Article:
Good Reasons to Plan Your Estate (Part Two)

  1. Protects your assets from being eaten up by long-term care costs. No estate plan is complete without a plan to protect it from having to "spend down" your assets if you need care at home or a nursing home. If you don't qualify for long-term care insurance, due to medical or economic reasons, you should consider setting up trusts to protect your assets from long-term care costs.
  2. Allows you to protect the inheritance from children's divorces, lawsuits and creditors. With middle class people often leaving hundreds of thousands of dollars to their children, doesn't it make sense to protect the inheritance from the high rate of divorce? By leaving assets to your children in an Inheritance Protection Trust, you may not only protect them from a divorce but, in many cases, also from creditors in the event your son or daughter ever gets sued.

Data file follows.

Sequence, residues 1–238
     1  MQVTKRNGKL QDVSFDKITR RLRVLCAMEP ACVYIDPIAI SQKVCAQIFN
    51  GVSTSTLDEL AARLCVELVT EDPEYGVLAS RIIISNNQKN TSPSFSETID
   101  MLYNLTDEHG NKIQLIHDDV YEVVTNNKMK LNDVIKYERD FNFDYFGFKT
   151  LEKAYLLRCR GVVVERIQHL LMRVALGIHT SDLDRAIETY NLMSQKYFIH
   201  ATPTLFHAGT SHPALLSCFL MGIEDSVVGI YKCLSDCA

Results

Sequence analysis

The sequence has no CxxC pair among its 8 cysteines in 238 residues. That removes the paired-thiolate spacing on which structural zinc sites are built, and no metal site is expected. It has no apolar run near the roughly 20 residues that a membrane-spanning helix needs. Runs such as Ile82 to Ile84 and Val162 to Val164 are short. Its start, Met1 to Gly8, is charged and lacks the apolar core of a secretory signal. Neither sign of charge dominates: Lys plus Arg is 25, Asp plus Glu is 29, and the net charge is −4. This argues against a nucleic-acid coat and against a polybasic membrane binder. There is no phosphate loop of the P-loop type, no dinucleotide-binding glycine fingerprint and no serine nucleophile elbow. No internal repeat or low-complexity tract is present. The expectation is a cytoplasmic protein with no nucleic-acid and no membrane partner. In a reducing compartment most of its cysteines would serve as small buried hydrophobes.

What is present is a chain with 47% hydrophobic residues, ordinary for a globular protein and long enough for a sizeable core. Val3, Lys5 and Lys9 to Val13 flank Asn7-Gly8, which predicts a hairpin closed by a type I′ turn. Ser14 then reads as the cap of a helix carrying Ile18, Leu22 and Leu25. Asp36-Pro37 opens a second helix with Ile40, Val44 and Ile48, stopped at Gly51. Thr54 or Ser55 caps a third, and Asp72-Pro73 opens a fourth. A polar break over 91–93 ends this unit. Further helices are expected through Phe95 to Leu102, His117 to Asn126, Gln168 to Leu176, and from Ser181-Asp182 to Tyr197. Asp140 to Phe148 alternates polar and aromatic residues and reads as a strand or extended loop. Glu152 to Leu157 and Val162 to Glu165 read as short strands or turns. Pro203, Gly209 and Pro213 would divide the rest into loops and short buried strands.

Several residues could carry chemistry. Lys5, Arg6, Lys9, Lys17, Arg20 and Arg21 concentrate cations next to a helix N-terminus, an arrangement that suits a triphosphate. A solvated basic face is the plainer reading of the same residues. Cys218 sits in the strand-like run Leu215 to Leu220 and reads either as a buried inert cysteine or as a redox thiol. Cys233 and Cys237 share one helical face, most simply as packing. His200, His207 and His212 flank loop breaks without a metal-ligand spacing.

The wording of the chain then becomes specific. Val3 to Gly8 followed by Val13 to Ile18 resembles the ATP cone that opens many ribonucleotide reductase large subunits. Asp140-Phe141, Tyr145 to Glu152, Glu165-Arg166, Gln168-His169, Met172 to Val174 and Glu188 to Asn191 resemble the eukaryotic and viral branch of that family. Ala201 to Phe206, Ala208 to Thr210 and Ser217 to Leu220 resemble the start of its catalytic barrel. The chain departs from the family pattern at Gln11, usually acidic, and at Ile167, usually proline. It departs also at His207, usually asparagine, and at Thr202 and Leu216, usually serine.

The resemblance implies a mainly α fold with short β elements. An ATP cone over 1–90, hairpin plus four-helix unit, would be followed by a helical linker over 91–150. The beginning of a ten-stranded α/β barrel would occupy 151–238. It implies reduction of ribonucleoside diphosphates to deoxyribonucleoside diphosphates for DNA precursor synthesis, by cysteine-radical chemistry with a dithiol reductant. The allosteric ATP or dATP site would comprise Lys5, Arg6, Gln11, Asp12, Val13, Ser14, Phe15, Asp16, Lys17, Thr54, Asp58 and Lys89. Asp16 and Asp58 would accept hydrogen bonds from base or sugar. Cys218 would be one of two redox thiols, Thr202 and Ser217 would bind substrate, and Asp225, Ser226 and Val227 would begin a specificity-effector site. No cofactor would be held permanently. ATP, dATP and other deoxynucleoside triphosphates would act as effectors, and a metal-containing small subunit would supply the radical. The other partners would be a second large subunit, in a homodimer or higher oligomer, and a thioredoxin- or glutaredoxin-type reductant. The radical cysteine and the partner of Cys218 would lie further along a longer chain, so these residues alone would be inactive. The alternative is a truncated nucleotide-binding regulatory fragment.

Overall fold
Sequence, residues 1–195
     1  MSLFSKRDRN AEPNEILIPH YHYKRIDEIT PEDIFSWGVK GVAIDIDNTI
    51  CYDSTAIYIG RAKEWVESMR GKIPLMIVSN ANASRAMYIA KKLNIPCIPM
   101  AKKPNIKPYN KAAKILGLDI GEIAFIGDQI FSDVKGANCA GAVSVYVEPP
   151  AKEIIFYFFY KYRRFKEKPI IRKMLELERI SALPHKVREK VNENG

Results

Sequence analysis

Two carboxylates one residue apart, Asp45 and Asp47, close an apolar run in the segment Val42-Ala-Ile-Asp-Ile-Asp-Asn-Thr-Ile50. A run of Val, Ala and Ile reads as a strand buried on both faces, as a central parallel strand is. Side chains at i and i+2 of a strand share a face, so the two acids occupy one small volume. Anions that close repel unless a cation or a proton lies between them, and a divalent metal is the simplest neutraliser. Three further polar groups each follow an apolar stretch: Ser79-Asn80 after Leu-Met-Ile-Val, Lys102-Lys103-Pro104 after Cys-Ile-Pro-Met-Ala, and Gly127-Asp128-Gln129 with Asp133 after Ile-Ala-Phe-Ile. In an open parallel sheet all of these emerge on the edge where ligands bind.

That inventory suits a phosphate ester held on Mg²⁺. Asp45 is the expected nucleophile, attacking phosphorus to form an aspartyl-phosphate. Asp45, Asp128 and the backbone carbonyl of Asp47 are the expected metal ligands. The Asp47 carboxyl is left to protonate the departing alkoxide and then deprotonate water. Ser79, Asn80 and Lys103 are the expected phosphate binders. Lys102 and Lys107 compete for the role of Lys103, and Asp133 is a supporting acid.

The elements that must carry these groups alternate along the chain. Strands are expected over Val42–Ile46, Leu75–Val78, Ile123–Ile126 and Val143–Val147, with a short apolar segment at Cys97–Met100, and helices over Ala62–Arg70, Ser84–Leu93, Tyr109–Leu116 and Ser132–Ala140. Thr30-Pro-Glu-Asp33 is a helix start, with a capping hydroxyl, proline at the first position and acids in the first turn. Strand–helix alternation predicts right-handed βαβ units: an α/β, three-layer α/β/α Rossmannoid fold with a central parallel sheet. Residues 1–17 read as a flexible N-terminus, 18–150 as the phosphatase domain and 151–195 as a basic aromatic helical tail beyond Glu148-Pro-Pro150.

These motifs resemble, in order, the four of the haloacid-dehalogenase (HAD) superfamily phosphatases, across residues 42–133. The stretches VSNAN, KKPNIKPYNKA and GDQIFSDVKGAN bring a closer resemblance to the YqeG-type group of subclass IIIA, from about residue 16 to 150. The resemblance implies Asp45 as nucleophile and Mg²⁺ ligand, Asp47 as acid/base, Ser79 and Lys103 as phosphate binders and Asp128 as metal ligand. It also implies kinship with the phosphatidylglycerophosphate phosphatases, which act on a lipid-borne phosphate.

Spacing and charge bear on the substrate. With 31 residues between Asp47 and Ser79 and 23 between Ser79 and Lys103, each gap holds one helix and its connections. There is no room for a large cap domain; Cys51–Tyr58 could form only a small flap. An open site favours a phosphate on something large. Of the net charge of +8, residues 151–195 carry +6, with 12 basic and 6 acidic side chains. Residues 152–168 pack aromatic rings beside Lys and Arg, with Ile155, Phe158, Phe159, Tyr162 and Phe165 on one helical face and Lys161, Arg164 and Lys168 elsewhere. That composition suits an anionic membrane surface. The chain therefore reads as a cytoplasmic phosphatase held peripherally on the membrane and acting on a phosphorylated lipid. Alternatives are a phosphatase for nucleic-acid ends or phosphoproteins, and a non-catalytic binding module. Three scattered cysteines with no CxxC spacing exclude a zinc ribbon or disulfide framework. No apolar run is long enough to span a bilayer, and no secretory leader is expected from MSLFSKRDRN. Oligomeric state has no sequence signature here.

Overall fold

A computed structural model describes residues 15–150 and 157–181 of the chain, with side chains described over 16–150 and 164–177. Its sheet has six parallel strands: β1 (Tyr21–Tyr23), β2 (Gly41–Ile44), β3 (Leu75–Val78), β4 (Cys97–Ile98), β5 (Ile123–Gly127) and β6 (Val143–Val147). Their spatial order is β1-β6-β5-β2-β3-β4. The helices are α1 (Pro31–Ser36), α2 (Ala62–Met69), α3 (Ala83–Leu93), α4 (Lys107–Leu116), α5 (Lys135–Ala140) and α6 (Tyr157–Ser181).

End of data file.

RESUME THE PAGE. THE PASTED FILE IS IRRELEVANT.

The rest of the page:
3. Makes sure your estate will pass by blood instead of by marriage. Most estate plans leave the money to the children. So let's say that you have left $250,000 to your son and $250,000 to your daughter. Now if they die (remember this is after you're gone) who inherits from them? In many cases it's your son-in-law or daughter-in-law. Can they get remarried and share your $250,000 with a complete stranger? Sure. Happens all the time. By leaving your assets in a trust for your children, you can give them complete control over their inheritance (so you're not "ruling from the grave") while at the same time providing that, when they die, whatever they didn't spend goes to your grandchildren.
  4. Guarantees you will be protected if you become disabled. An ever-increasing percentage of people today have a period of disability before they die. Without a plan, you risk getting the state's plan where they appoint a legal guardian for you who (1) may be a stranger (2) may change your investments (3) may be unable to protect your assets if you need long-term care, and (4) may make it difficult to get back control of your assets if you recover from your disability. When you set up a living trust, you avoid a guardianship proceeding, put the persons you choose in control and allow them to transfer and protect assets.

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